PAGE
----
By Anastasia Voronkova, Editor, Armed Conflict Survey; Research Fellow for Armed Conflict and Armed Conflict Database, and Caitlin Vito, Coordinator, Office of the Director of Studies
Ethiopia is a major source country of migrants. A lack of economic opportunities, demographic challenges, food insecurity and rising domestic tensions are all contributing to significant numbers of Ethiopians being on the move.
Although the country has been one of Africa’s top-performing economies for the past ten years and a regular recipient of foreign aid and investment, the general population still faces widespread unemployment and a lack of economic opportunities. Around 20 million Ethiopians live below the poverty line, so economic opportunity abroad continues to be a major driving force for migration. Ethiopia’s rapidly growing population of just over 100 million – of which more than 60% are under the age of 24 – exacerbates the difficulty of securing sustainable livelihoods, leading many to seek opportunity elsewhere. Compounding these economic and demographic challenges are the current drought and famine devastating parts of the Horn of Africa. The resulting severe food insecurity is forcing many Ethiopians to uproot themselves to find subsistence.
The current domestic tensions and political repression plaguing the country are other key factors driving Ethiopian migration. They stem from the ongoing tensions between the majority Oromo ethnic population and the ruling Tigrayans, which boiled over into major protests in November 2015 over the Oromo’s perceived political and economic marginalisation. The government responded by cracking down on protesters and anyone believed to be involved. Since the initial clampdown, Human Rights Watch has recorded the killing of hundreds of protesters by security forces and the arbitrary detention of tens of thousands more. The state of emergency imposed by the government in October 2016 has also led to further restrictions on the media and political opposition parties.
Although major protests seem to have subsided for now, grievances over disputed land and a lack of political freedom persist. The government is unwilling to engage in serious dialogue with opposition groups, so these tensions will likely continue to propel migration from the country. The ethnicity of these migrants tellingly reflects Ethiopia’s domestic politics: for example, 89% of Ethiopians who migrated to Yemen in January 2017 identified themselves as Oromo. This speaks to the influence of internal tensions on outward migration flows and reflects an ongoing trend, as Oromo comprise a growing proportion of the Ethiopians migrating.
Many Ethiopians, especially younger generations, transit primarily through Yemen but also Djibouti, Egypt, Somalia, Sudan and Kenya in search of economic opportunities in the Middle East. A recent report published by the Regional Mixed Migration Secretariat highlights that around 15,000 people a year, mostly Ethiopians, use the so-called ‘southern’ migration route from the Horn of Africa to South Africa, which is regarded as relatively economically prosperous. The research also notes that migrant smuggling along the southern route is consistently high. Most Ethiopian migrants, particularly those travelling via Kenya and Tanzania, use a smuggler or broker to facilitate parts of their journey. Such smuggling activities are reported to be frequently accompanied by violence, kidnappings and exploitation.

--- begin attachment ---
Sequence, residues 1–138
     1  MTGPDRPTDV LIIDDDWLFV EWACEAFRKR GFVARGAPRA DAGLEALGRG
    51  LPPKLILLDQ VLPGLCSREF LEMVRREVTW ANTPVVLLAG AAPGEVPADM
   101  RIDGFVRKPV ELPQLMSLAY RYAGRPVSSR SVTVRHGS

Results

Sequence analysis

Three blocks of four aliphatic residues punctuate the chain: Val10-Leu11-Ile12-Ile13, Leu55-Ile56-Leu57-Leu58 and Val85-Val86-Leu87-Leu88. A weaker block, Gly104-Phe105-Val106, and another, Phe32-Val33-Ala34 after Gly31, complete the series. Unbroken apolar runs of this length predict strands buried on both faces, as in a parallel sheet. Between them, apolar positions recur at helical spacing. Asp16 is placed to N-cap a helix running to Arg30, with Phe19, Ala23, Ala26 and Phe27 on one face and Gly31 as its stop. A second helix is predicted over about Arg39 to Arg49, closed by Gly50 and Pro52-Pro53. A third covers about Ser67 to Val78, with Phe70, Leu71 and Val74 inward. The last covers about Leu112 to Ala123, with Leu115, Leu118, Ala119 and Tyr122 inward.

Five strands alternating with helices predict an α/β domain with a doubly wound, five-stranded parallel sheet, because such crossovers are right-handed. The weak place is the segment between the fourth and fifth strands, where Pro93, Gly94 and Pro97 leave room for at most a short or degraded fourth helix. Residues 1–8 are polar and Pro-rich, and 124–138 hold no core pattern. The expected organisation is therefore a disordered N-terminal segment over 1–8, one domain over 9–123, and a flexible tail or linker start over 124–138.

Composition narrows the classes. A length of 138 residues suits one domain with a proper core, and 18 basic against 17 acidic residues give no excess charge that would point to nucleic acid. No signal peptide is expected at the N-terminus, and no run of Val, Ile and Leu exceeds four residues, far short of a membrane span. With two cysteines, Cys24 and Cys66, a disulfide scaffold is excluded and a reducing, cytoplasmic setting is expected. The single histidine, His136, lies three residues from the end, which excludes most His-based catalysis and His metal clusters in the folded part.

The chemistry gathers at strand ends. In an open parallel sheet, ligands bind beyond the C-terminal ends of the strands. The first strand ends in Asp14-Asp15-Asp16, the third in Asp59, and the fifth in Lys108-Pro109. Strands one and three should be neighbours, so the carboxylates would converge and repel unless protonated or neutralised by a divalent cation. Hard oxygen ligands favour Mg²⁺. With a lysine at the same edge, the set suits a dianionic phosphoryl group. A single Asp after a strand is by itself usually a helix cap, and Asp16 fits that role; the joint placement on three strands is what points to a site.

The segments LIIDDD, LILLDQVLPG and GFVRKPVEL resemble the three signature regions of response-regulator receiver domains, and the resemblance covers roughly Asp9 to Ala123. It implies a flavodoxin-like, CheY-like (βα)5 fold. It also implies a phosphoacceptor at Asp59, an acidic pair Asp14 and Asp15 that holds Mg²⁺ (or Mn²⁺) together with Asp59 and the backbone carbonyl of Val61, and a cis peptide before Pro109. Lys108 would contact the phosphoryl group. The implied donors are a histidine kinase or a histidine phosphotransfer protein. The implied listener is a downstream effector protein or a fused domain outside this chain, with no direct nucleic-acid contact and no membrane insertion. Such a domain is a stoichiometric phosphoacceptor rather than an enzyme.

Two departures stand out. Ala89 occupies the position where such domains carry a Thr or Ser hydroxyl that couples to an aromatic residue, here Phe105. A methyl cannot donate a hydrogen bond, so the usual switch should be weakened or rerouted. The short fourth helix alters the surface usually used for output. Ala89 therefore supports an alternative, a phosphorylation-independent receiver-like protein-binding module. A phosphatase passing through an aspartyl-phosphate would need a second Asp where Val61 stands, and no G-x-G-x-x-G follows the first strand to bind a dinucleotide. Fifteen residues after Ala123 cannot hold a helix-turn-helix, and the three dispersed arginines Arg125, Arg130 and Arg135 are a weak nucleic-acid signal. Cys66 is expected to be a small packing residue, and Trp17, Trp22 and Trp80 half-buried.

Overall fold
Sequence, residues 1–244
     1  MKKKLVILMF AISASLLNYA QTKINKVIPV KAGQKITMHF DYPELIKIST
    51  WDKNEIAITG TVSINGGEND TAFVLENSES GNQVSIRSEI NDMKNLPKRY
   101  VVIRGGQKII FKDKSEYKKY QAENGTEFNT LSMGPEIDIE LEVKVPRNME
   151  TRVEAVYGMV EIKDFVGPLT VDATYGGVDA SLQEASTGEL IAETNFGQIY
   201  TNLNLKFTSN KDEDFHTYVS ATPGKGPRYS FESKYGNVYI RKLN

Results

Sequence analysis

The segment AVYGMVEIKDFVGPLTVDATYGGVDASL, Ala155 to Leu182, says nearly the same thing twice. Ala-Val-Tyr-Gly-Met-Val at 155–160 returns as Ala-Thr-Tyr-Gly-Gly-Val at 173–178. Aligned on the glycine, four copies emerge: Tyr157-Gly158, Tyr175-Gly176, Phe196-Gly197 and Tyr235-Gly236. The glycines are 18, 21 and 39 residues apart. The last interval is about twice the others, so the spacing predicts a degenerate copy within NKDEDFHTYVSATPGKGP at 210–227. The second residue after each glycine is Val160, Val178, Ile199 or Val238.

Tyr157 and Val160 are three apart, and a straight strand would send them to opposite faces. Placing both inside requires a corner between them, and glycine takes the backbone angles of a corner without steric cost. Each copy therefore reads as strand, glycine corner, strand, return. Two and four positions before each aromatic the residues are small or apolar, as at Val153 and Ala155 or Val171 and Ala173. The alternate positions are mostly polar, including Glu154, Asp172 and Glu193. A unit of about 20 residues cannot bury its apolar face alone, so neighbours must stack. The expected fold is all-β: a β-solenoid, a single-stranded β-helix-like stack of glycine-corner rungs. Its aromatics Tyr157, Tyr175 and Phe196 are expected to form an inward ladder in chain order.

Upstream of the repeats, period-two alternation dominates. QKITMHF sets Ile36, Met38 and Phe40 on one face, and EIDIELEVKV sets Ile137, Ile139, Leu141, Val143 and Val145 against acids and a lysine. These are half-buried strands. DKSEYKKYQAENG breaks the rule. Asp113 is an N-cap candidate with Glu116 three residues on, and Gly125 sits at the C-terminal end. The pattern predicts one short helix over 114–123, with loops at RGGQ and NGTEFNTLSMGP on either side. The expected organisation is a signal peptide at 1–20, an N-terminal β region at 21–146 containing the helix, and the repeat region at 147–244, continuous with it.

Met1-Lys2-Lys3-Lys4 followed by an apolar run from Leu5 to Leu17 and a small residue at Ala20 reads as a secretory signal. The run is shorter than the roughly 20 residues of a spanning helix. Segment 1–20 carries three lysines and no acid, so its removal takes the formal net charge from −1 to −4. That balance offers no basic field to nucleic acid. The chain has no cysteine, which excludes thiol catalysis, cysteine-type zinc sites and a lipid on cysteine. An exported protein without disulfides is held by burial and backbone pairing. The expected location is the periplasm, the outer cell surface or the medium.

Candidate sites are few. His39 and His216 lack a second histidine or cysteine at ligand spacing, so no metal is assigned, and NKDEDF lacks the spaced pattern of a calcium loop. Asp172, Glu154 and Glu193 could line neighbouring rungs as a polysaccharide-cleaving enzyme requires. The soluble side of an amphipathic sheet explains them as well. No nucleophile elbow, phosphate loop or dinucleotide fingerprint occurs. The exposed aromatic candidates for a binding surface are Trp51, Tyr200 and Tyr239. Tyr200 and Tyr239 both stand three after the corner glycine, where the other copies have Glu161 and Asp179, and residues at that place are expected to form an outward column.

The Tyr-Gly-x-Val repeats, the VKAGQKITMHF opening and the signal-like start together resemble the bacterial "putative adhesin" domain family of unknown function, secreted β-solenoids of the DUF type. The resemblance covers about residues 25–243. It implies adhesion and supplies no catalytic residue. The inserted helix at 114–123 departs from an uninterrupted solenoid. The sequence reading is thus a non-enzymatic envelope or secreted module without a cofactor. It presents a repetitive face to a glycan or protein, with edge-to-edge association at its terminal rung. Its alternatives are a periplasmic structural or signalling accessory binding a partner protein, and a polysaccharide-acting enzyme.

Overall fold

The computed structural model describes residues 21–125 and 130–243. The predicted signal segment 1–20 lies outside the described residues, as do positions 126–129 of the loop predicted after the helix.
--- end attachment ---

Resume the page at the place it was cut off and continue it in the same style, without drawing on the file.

Although Ethiopia is a key participant in the EU’s Migration Partnership Framework – aimed at addressing the challenges of managing migration along the Central Mediterranean Route (via Libya to Europe), as well as supporting returns and better border management – major obstacles remain in terms of improving security, and solving the political and economic crises in the region that are contributing to unprecedented flows of irregular migrants. As the experience of regional neighbours, Mali and Libya in particular, demonstrates, ‘breaking the business model of smugglers’ – one of the goals of the Migration Partnership Framework – can be especially difficult when state weakness, a near absence of central government and the resulting spaces with limited governance – foment insecurity, making it easier for smuggling, criminal and armed networks to operate with greater power and determination, on a larger scale and to their advantage. More economic opportunities must be created for the growing youth populations in Ethiopia and beyond. Enabling them to engage more directly in economic life and developing employment opportunities, while also helping to address underlying political tensions, would reduce the incentive to leave and the risk of being lured into illegal networks.
This will be a hugely difficult task, the implementation of which is likely to proceed at a very slow pace. While the government is making efforts to increase employment, through programmes such as its Growth and Transformation Plan (GTP II 2015–16 to 2019–20), which injects funding into major infrastructure projects, it must ensure that the fruits of these projects trickle down and are not held by government elites. Donor aid to increase employment must also be used more effectively. This will require better governance at the national level and the empowerment of local authorities to ensure that robust mechanisms are in place to hold officials accountable.